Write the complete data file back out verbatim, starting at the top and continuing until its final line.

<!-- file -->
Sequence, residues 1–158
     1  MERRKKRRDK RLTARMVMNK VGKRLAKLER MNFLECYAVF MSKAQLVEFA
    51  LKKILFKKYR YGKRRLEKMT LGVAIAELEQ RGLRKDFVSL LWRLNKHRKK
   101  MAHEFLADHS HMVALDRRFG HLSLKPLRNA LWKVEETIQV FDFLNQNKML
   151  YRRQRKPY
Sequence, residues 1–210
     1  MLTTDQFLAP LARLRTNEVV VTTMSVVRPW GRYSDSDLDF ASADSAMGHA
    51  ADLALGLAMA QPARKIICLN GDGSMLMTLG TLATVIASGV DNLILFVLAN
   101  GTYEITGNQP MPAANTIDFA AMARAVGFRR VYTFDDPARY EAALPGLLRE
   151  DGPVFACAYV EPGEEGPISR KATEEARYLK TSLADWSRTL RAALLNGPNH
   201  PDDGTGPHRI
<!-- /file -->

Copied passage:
Sequence, residues 1–158
     1  MERRKKRRDK RLTARMVMNK VGKRLAKLER MNFLECYAVF MSKAQLVEFA
    51  LKKILFKKYR YGKRRLEKMT LGVAIAELEQ RGLRKDFVSL LWRLNKHRKK
   101  MAHEFLADHS HMVALDRRFG HLSLKPLRNA LWKVEETIQV FDFLNQNKML
   151  YRRQRKPY
Sequence, residues 1–210
     1  MLTTDQFLAP LARLRTNEVV VTTMSVVRPW GRYSDSDLDF ASADSAMGHA
    51  ADLALGLAMA QPARKIICLN GDGSMLMTLG TLATVIASGV DNLILFVLAN
   101  GTYEITGNQP MPAANTIDFA AMARAVGFRR VYTFDDPARY EAALPGLLRE
   151  DGPVFACAYV EPGEEGPISR KATEEARYLK TSLADWSRTL RAALLNGPNH
   201  PDDGTGPHRI